New EU Plant Health Rules Affecting Mango Exports

The new European Union directive on mango imports will be applied from 1 September 2019. To ensure that mango exports can continue in the 2020 season, producers, exporters and National Plant Protection Organisations (NPPOs) must act now.

On 8 March COLEACP issued an information bulletin on new EU rules affecting mango imports. These rules are being introduced in response to high numbers of interceptions of mango imports due to the presence of fruit fly (non-European Tephritidae). On 21 March 2019, the new rules were officially adopted as Commission Implementing Directive (EU) 2019/523, amending Annexes I to V of the EU Plant Health Directive 2000/29/EC. The new directive came into force on 31 March, and will be applied from 1 September 2019.

Under its Fit For Market and Fit For Market SPS  programmes*, COLEACP is available to support NPPOs and the mango industry to develop the required dossiers (described below)  and to help put the necessary actions in place.

The new rules specify four possible options. Exporting countries must comply with one of these options in order for exports to the EU to be permitted.

(a) The fruits must originate in a country recognised as free from Tephritidae (non-European).

(b) The fruits must originate in an area established as free from Tephritidae by the exporting country’s NPPO.

(c) No signs of Tephritidae have been observed at the place of production (farm/plantation) and its immediate vicinity since the beginning of the last complete mango cycle. To prove this, official inspections must be carried out at least monthly during the 3 months before harvest. None of the fruits harvested at this production site must show signs of the presence of Tephritidae in official inspections. And, finally, information on traceability must be included in the phytosanitary certificate.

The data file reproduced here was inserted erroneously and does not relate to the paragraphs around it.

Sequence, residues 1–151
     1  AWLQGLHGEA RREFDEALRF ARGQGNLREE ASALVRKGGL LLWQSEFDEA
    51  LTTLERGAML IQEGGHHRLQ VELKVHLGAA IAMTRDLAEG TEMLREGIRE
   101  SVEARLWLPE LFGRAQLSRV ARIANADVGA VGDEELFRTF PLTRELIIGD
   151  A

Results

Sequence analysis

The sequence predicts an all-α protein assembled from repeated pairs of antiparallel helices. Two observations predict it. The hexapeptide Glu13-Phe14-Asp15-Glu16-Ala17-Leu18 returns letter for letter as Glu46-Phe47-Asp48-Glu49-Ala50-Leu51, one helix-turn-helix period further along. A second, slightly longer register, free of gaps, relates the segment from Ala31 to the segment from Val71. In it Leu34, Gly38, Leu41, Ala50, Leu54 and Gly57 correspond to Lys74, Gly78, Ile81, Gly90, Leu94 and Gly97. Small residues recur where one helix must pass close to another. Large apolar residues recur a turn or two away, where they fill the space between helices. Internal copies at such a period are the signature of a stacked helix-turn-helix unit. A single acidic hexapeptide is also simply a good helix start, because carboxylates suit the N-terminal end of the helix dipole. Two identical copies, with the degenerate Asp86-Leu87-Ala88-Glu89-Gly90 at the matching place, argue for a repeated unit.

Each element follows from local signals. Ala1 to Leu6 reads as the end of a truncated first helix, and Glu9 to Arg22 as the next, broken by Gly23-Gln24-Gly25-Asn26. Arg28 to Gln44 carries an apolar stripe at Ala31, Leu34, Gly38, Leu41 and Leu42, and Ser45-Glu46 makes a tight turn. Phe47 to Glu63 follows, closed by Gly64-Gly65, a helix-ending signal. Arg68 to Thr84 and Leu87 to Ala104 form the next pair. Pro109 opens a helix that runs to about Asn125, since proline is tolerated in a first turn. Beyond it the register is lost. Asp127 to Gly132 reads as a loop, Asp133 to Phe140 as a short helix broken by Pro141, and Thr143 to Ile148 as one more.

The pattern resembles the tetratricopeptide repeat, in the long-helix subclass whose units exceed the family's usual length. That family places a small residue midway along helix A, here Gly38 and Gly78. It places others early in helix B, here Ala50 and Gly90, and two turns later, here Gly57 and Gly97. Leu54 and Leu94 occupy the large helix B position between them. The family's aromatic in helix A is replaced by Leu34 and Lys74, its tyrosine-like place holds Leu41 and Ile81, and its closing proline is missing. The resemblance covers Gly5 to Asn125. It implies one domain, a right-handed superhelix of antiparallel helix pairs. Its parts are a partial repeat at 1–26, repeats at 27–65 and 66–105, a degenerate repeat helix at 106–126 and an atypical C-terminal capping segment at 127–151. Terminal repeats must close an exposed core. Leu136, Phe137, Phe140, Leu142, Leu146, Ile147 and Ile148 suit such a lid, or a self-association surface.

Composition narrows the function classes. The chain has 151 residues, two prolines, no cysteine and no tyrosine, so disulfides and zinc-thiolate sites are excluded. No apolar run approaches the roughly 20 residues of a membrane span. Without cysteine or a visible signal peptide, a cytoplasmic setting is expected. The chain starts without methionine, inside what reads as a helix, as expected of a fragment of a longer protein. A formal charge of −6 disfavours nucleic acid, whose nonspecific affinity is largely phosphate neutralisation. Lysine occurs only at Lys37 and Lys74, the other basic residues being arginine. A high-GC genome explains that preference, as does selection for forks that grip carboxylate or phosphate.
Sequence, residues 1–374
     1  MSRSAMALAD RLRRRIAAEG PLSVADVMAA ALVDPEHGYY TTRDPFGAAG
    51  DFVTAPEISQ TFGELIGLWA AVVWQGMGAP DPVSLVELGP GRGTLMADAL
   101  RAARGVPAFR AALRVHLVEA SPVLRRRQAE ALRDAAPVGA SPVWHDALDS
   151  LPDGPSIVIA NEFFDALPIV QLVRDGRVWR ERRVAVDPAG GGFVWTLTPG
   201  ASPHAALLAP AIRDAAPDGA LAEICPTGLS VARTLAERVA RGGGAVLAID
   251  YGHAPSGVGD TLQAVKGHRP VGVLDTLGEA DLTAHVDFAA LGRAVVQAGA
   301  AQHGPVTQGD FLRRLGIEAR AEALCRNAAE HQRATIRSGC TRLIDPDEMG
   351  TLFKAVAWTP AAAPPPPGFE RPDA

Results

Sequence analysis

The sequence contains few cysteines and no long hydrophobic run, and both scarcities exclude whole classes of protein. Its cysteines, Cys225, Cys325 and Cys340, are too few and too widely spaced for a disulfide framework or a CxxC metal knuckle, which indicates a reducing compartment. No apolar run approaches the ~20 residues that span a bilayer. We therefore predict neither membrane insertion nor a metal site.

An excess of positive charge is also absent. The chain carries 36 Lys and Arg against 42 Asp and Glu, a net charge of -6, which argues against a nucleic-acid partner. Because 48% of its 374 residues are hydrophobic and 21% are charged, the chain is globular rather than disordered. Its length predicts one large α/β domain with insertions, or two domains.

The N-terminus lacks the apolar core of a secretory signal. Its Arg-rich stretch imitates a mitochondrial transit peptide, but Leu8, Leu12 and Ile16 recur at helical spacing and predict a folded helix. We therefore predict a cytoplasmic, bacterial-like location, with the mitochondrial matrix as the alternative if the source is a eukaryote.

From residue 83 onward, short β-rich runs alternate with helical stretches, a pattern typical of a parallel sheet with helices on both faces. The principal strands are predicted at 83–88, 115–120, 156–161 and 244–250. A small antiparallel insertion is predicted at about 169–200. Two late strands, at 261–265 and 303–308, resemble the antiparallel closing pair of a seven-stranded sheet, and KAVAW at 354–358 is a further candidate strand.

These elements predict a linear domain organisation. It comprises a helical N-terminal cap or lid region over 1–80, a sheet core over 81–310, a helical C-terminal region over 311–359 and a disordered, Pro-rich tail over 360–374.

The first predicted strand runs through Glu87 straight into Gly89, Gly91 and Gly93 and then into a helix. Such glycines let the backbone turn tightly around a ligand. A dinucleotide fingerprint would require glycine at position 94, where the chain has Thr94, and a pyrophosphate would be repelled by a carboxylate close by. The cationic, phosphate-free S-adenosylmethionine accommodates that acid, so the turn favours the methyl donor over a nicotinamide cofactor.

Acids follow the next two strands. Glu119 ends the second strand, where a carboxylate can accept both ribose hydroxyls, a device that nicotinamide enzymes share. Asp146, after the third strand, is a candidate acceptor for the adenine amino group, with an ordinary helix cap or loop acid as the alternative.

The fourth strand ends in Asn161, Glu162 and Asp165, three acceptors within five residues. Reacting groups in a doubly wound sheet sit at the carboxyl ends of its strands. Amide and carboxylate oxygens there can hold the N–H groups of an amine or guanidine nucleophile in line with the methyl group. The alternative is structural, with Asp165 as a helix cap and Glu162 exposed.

(d) The mango must have been subjected to an effective treatment to ensure that it is free from Tephritidae, and the treatment data must be included in the phytosanitary certificate. In addition, the treatment method must be communicated to the European Commission by the NPPO in writing beforehand.

Of these options, (a) and (b) are not open to mango-exporting countries in West Africa, as fruit fly is known to be present there. Option (c) is also unlikely to be a possibility, given the widespread distribution of this pest.

This leaves only option (d), meaning that mango exports will only be permitted into the EU if they have been “subjected to an effective treatment”. Before the start of the next mango season, the NPPO in each country must send a dossier to the European Commission outlining in detail the treatment that will be applied. This treatment can include post-harvest control of fruit fly, and/or a pre-harvest “systems approach” that covers control and management (IPM) of the pest in the field.

To prepare this dossier, the NPPO must work with the mango industry to agree on the “effective treatment”. Once the dossier is submitted, all growers must strictly follow this agreed treatment. It is important therefore to come up with a treatment plan that is not only effective, but is also practical for both large- and small-scale growers.

To submit a request for support from Fit For Market, email 


* Fit For Market is financed by the European Union at the request of the ACP group of states and co-financed by the Agence Française de Développement; Fit For Market SPS is financed by the European Union at the request of the ACP group of states.